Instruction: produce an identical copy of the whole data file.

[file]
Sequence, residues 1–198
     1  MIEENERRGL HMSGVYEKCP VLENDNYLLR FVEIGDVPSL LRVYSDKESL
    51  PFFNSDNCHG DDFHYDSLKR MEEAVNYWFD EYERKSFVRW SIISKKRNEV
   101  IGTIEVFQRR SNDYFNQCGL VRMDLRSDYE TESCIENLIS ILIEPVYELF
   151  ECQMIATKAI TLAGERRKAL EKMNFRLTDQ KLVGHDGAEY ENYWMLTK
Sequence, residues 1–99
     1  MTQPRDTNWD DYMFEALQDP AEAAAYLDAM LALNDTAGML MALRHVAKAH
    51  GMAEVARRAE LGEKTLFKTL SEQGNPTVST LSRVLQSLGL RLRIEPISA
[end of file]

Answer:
Sequence, residues 1–198
     1  MIEENERRGL HMSGVYEKCP VLENDNYLLR FVEIGDVPSL LRVYSDKESL
    51  PFFNSDNCHG DDFHYDSLKR MEEAVNYWFD EYERKSFVRW SIISKKRNEV
   101  IGTIEVFQRR SNDYFNQCGL VRMDLRSDYE TESCIENLIS ILIEPVYELF
   151  ECQMIATKAI TLAGERRKAL EKMNFRLTDQ KLVGHDGAEY ENYWMLTK
Sequence, residues 1–99
     1  MTQPRDTNWD DYMFEALQDP AEAAAYLDAM LALNDTAGML MALRHVAKAH
    51  GMAEVARRAE LGEKTLFKTL SEQGNPTVST LSRVLQSLGL RLRIEPISA